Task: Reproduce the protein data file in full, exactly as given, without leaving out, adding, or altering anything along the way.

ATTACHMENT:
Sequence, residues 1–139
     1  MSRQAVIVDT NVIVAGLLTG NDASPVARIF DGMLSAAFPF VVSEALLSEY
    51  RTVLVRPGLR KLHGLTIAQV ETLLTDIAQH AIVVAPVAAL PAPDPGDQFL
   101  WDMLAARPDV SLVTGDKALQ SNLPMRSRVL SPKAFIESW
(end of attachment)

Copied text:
Sequence, residues 1–139
     1  MSRQAVIVDT NVIVAGLLTG NDASPVARIF DGMLSAAFPF VVSEALLSEY
    51  RTVLVRPGLR KLHGLTIAQV ETLLTDIAQH AIVVAPVAAL PAPDPGDQFL
   101  WDMLAARPDV SLVTGDKALQ SNLPMRSRVL SPKAFIESW